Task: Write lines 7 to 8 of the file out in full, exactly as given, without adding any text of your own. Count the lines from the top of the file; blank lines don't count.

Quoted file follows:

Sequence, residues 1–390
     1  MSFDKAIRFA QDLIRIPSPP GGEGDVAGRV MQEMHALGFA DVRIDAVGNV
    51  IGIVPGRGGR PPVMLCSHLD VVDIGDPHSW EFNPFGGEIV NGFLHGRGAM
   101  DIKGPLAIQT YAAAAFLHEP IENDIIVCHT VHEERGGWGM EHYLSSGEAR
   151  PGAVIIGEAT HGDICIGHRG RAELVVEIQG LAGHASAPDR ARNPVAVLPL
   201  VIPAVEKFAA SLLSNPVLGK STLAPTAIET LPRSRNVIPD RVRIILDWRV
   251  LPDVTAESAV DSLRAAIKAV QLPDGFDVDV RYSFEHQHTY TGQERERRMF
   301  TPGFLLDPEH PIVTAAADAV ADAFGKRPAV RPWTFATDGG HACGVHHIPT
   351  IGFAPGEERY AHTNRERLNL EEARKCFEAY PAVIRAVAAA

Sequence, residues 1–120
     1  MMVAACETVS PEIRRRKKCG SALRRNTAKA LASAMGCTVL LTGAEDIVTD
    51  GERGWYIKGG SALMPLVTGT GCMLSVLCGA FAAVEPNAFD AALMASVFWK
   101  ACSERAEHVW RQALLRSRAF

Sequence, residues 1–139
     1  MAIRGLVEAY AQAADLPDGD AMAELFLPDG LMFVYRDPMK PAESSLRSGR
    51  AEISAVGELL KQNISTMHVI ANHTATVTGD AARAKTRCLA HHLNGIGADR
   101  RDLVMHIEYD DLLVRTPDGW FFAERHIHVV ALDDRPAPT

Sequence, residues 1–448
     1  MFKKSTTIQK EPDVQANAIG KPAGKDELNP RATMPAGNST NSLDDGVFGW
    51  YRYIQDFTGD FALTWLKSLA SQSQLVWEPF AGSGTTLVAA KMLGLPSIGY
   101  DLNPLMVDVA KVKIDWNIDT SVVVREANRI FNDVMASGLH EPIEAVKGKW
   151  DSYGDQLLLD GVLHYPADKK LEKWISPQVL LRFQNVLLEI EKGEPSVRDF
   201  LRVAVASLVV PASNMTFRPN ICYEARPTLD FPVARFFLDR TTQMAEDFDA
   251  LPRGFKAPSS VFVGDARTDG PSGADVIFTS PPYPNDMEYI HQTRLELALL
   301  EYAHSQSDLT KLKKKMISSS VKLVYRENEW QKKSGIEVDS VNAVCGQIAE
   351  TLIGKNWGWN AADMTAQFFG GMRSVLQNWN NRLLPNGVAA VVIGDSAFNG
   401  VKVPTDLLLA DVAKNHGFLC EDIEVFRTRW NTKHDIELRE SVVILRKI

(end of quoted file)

   251  LPDVTAESAV DSLRAAIKAV QLPDGFDVDV RYSFEHQHTY TGQERERRMF
   301  TPGFLLDPEH PIVTAAADAV ADAFGKRPAV RPWTFATDGG HACGVHHIPT